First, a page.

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Medi-Cal Cuts Set Californians' Teeth on Edge

New America Media, News Report, Viji Sundaram Posted: Jun 01, 2009

BERKELEY, Calif. - Going to the dentist was never something she looked forward to, but last week Barbara Brown seemed eager to get into the dentists chair at Lifelong Dental.

I have to get everything done before July 1, said the 55-year-old Oakland resident as she sat in the waiting room of the clinic in a bright pink tracksuit. If dental benefits go, I will have to pay out of pocket, and thats not something I can afford.

Come July 1, around 3 million low-income Californians like Brown will see their dental benefits vanish, under legislation passed by the state earlier this year to address its budget deficit of $23.4 billion.

Other Medi-Cal programs set to go on the chopping block that day include optometry, podiatry, psychology and chiropractic care. Governor Arnold Schwarzenneger and state legislators believe the cuts of these optional services will save the impoverished state about $614 million annually.

I dont know how the governor could come up with such a plan, observed Dr. Neshat Rezai, a dentist at Lifelong. What will those people do who have no teeth? How will they eat, or how will they get a job?

Medi-Cal is Californias version of the federal Medicaid program. It provides health care to 6.6 million low-income and disabled residents.

Ive been on Medi-Cal for years, said 56-year-old Shirline Lane on a recent morning after getting some much-needed bridgework done to stop losing more of her brittle teeth.

Lane said she saw a sign outside Lifelong, warning adult Medi-Cal patients that their dental benefits would disappear in a few weeks. She quickly made an appointment.

Lifelong, where 80 percent of the patients are Medi-Cal beneficiaries, has seen an almost 40 percent spike in patient visits in the last few weeks, said Rezai. She points to a list of appointments she has that day - more than a dozen.

Her colleague, Dr. John Noble, said he has been double-booking patients and "packing them in in the last few weeks.

Our patients are the neediest, he said. They cannot afford to pay $75 for a filling.

The phones are constantly ringing at Oakland's Asian Health Services these days, with Medi-Cal patients wanting to beat the July 1 deadline. Dental operations coordinator Linh Tran said that up until last week they have been able to accommodate almost all of the callers, but have begun warning those who require extended procedures such as dentures or root canals that they may not be accepted under their Medi-Cal plan in a few days.

In fact, dentists in some community clinics have already begun turning patients away who come for extended procedures, noted Elizabeth Landsberg, a health care advocate at the Sacramento-based Western Center on Law and Poverty.

Hoping to stop the impending cuts from going into effect, the California Primary Care Association (CPCA), along with two community clinics, has filed a lawsuit against the state in April to maintain the dental services for Californias poor and disabled.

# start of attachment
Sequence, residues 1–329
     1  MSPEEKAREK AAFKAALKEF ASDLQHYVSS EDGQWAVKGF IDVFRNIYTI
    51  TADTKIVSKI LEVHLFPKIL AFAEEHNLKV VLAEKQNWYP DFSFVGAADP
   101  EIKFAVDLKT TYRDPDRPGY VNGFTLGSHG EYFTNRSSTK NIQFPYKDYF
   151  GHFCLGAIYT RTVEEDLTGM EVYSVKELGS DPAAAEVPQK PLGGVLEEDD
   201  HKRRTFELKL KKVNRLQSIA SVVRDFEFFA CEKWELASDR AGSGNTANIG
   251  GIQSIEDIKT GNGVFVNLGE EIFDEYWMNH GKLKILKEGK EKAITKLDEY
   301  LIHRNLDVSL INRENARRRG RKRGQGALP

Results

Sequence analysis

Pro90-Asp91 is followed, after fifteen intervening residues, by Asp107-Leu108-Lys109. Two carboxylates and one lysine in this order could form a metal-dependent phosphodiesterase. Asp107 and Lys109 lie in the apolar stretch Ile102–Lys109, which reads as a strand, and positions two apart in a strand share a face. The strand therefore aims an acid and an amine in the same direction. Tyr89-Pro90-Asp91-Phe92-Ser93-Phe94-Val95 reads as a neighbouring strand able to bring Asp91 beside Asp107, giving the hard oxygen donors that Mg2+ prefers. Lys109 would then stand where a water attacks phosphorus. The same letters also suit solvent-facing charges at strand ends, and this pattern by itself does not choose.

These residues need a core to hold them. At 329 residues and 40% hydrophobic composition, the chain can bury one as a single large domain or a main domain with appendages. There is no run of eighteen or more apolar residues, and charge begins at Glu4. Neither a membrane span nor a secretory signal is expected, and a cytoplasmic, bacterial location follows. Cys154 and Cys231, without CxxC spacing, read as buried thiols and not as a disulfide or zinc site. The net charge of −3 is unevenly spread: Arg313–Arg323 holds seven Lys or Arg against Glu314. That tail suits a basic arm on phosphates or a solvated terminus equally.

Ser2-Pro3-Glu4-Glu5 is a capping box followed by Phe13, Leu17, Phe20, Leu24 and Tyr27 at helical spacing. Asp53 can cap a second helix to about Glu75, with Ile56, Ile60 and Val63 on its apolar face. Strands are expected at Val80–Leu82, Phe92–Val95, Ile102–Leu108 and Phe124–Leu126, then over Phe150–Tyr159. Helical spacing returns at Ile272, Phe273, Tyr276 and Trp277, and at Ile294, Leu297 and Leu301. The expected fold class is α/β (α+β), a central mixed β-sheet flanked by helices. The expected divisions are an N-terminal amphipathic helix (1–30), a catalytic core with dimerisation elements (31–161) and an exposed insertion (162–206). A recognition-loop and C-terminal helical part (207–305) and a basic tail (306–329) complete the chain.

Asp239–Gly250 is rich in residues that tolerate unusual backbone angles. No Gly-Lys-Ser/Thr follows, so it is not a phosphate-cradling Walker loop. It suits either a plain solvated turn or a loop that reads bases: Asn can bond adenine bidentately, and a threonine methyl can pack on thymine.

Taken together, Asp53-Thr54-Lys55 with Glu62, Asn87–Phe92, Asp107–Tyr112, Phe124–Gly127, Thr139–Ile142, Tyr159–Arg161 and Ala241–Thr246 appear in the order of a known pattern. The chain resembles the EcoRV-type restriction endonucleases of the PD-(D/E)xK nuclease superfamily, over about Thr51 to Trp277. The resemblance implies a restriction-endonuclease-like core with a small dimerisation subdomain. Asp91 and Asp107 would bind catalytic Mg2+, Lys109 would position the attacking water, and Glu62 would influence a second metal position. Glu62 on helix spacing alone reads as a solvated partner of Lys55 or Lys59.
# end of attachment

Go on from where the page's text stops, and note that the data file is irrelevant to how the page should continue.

The state is required to provide those FQHC (Federally Qualified Health Center) services, asserted Elia Gallardo, CPCAs director of government affairs.

CPCA and the Dental Health Foundation (DHF) commissioned a report on the impact of eliminating many dental benefits for adults under Medi-Cal. Those benefits include diagnostic and preventive dental treatment, fillings, root canals and tooth extractions. The report, which DHF executive director Wynne Grossman said will be released June 11, found that the cuts will have ripple effects, not only on the affected individuals and their families and communities, but also on Medi-Cal and the overall health care system.

Even as it is, most uninsured people put off going to the dentist until it becomes a medical emergency. According to a recent poll released by the California Health Care Foundation, the number of people who showed up in hospital emergency rooms rose 12 percent from 2005 to 2007, from 70,000 Californians to 83,000. If the cuts go through next month, it will exacerbate the crowded conditions in emergency rooms.

If they cut Denti-Cal (the dental benefits under the Medi-Cal program), oral health is going to deteriorate, and people could end up in the hospital, said Rezai, as she prepared to re-cement a crown on one of her Medi-Cal patients.

Even though Denti-Cal will remain intact for patients under 21 even after July 1, a number of dentists are planning to take themselves out of the program because its just not worth it for them to take just children, Grossman said.

When Medi-Cals adult dental benefits disappear, so will jobs. Dental offices like Lifelong are bracing for layoffs. Most community clinics rely on Medi-Cal payments for anywhere between 40 percent and 80 percent of their funding.

We are going to drop from 12,900 visits a year to about 7, 700, noted Deanna Cervantes, Lifelong Dentals clinic director. We are probably going to cut half the staff here.

Asked what she will do if her dental work is not completed by July 1, or if she develops some new dental problems after that, Lifelong patient Lane looks worried. Then, she shrugs and says: I guess Ill just have to ignore it. Ill be like all those other people out there who are walking around with raggedy mouths.

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